Speaking at a video conference devoted to priority national projects, Putin said: "Poverty is one of the biggest problems [facing Russia]. A large percentage of the population lives below the poverty line or is simply poor."
The multibillion-dollar national projects, which target healthcare, housing, education, and agriculture, are designed to improve living standards across the country. Other priority areas Putin has proposed include doubling GDP by 2010 and cutting inflation.
The UN World Summit in September 2005 cited statistical data from Russia, which said 18% of the population, or about 30 million people, currently lives in poverty. Poverty levels varied from 8-9% to 70% in some areas in 2004.
Putin said ensuring sustainable economic growth was the best way to solve the problem, and that it should be a main priority for the government. He also reiterated that the government planned to allocate considerable funds to tackle Russia's looming demographic crisis.
Demographic problems dominated the president's May 10 state of the nation address, when Putin said the population was falling by 700,000 people a year and instructed the government to give women at least 250,000 rubles ($9,200) each as financial aid following the birth of a second child.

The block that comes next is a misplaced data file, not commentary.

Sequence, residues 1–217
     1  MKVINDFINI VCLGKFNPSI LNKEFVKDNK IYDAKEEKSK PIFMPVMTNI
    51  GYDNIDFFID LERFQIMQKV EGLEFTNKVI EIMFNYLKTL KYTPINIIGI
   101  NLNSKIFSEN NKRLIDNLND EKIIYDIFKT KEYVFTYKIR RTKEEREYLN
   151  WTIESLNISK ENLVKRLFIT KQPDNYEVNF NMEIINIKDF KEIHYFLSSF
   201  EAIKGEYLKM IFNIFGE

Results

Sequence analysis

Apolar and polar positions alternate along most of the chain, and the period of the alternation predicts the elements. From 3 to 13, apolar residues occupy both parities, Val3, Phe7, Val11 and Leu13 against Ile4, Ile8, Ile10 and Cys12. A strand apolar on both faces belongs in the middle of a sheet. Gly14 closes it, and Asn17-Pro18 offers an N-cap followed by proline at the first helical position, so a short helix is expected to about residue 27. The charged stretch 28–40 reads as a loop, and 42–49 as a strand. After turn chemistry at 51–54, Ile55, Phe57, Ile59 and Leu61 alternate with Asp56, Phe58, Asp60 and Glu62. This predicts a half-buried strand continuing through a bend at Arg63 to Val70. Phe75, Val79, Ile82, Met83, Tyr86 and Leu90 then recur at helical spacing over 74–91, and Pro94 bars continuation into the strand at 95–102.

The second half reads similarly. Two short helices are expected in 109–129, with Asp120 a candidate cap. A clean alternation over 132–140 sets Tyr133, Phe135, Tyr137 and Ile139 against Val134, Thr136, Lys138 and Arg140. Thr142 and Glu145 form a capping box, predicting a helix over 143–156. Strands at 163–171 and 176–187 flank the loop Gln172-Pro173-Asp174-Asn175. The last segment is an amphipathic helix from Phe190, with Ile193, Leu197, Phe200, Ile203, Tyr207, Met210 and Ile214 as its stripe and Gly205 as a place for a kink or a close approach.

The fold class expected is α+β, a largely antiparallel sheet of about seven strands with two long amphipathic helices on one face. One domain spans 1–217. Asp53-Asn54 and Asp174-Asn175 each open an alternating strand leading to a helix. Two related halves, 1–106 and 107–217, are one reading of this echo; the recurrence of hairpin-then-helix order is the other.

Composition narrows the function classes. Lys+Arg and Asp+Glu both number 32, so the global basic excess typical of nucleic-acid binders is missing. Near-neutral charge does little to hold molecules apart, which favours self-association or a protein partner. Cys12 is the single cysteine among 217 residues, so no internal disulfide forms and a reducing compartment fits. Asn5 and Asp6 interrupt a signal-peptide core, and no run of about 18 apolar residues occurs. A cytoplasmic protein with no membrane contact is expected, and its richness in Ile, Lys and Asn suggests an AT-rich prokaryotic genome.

The United Nations earlier warned that Russia's population - which stood at roughly 145 million in a 2002 census - could fall by as much as a third by 2050.
Finance Minister Alexei Kudrin said following the speech that the first allocations for second child benefits in 2007 would total 160 billion rubles ($5.91 billion), and payouts would start by 2010.
Russia has said it will highlight poverty on the agenda of the Group of Eight club of leading industrialized nations, in which it currently holds the rotating presidency, along with energy security, terrorism and the fight against infectious disease.